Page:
With each new re-opening phase that is expected to happen within the state of North Carolina, changes are sure to come. Here is where we are at presstime in May.
“We have enacted operational measures to discourage crowds and encourage social distancing,” said Ruggiero. “High-traffic pedestrian areas such as the Mile High Swinging Bridge and wildlife habitats will implement a one-way directional system to ensure that guests do not come within six feet of each other. The number of guests allowed to visit such areas at one time will be limited, based on state social gathering recommendations, while a time limit will ensure that others can participate in turn. However, guests are welcome to revisit such areas during the same trip. Time limits will be not be enforced for the park’s less crowded, lower-traffic areas. We’ve also enhanced our already stringent cleaning procedures and placed additional sanitization stations in key areas, while boosting staff presence to direct traffic flow and encourage safe social distancing.”
Sadly, the highly-anticipated Grandfather Mountain Highland Games that usually take place in July have been canceled. Still, there is much to do at Grandfather Mountain State Park and some new and impressive improvements are in the works.
“Despite the pandemic, construction continues on our new Conservation Campus, which will include a major renovation to our Nature Museum, nearly doubling it in size,” said Ruggiero. “It will feature 10,000 square feet of new educational space, three classrooms for smaller groups and increased capacity for larger groups, restoration of the ADA-accessible auditorium, new outdoor learning spaces including an amphitheater with terraced seating and a pavilion, new office space on-site for park educators and animal habitats staff members to prepare and support new and enhanced educational programs, larger, modernized food service facilities for catering and serving educational groups, expanded capacity for hosting conferences, seminars, receptions and community events and more.”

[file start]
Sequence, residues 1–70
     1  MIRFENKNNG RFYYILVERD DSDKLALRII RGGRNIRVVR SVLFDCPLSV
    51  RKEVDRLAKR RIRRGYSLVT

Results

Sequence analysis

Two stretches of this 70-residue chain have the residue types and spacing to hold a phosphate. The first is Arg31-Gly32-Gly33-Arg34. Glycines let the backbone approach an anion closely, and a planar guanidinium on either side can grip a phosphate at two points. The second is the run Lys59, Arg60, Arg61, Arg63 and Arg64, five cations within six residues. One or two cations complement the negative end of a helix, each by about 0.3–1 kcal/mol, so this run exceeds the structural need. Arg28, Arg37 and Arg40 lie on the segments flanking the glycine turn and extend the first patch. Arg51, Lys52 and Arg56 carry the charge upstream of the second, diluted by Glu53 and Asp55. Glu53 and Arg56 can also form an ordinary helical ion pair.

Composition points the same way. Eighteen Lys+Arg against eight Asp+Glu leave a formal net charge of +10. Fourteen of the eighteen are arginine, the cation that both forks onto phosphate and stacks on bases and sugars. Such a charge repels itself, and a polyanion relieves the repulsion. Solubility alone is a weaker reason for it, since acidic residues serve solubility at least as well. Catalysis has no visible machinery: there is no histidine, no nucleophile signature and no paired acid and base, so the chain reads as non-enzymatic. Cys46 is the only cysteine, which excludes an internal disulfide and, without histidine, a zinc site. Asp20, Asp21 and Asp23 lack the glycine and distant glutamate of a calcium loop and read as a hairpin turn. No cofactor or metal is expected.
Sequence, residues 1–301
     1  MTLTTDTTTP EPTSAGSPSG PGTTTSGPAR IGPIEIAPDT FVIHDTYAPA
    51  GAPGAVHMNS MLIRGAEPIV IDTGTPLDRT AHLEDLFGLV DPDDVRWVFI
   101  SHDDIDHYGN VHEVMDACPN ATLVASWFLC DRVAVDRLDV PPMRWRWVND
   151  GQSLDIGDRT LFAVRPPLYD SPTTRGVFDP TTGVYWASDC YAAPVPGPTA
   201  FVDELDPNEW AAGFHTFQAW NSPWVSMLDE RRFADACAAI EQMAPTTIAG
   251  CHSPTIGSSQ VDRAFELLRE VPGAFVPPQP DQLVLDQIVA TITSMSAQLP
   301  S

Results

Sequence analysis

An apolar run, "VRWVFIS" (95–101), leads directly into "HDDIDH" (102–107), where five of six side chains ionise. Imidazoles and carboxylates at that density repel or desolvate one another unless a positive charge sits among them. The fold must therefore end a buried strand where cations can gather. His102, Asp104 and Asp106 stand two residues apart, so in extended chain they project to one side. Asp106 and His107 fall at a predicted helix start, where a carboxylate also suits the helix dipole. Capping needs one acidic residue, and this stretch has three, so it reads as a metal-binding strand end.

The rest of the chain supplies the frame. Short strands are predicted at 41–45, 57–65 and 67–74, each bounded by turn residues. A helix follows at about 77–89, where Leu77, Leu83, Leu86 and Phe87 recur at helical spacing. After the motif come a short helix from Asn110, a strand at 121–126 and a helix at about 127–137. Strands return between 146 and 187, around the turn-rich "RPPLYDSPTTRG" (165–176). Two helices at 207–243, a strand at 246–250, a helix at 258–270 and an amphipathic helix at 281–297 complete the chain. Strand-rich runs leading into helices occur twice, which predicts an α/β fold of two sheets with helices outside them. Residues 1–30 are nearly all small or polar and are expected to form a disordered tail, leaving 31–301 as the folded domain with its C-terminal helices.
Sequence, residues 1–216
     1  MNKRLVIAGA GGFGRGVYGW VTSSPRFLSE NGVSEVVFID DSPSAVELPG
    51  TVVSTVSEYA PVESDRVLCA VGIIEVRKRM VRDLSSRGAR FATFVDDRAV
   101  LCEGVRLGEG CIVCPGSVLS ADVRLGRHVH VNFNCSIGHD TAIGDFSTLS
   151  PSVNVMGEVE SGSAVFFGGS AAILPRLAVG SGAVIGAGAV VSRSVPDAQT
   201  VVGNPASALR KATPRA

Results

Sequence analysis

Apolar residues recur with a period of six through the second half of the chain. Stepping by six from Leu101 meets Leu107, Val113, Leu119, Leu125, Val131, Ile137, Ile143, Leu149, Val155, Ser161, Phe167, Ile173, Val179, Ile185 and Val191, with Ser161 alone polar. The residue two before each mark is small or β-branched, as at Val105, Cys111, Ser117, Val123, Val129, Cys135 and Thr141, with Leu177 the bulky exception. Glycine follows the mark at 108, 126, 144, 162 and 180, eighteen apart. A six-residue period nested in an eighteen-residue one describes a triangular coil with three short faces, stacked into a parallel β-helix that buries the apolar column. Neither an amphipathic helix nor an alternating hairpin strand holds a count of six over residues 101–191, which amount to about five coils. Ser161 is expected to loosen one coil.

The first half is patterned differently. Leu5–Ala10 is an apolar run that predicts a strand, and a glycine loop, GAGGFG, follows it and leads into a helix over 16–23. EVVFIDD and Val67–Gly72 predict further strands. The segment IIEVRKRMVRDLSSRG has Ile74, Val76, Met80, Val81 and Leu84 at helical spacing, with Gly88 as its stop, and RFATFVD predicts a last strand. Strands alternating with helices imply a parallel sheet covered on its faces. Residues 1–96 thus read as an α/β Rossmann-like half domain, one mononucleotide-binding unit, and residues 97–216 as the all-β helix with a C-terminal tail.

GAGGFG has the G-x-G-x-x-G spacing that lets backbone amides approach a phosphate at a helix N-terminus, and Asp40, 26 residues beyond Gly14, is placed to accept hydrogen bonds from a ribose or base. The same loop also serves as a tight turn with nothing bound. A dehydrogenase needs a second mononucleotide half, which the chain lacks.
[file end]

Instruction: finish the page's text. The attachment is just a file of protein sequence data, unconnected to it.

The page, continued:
Exciting and new modern technologies are being conceptualized for the park.
“The Nature Museum’s expansion will also include a dozen all-new, interactive exhibits,” said Ruggiero. “Designed by PGAV Destinations, a recognized leader in the design of innovative museums, zoos, aquariums, resorts and brand destinations, these exhibits will focus on the biodiversity and preservation of the high-elevation forests of the Southern Appalachian region. They will include an interactive 3D map of Grandfather Mountain, a geology/mineral display, flora and fauna walls, an interactive field guide and depictions of the physical evolution of Grandfather Mountain, its climate and its important role in migration paths for birds and animals. We hope to open the new Conservation Campus in 2021.”